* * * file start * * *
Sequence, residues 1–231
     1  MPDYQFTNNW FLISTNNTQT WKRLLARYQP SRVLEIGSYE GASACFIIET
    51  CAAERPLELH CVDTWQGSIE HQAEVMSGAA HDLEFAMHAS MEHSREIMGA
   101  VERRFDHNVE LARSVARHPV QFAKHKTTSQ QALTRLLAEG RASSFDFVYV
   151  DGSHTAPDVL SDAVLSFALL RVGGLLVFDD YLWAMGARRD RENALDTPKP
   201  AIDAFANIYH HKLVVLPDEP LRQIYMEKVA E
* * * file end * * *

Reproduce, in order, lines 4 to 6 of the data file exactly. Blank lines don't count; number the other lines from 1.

   101  VERRFDHNVE LARSVARHPV QFAKHKTTSQ QALTRLLAEG RASSFDFVYV
   151  DGSHTAPDVL SDAVLSFALL RVGGLLVFDD YLWAMGARRD RENALDTPKP
   201  AIDAFANIYH HKLVVLPDEP LRQIYMEKVA E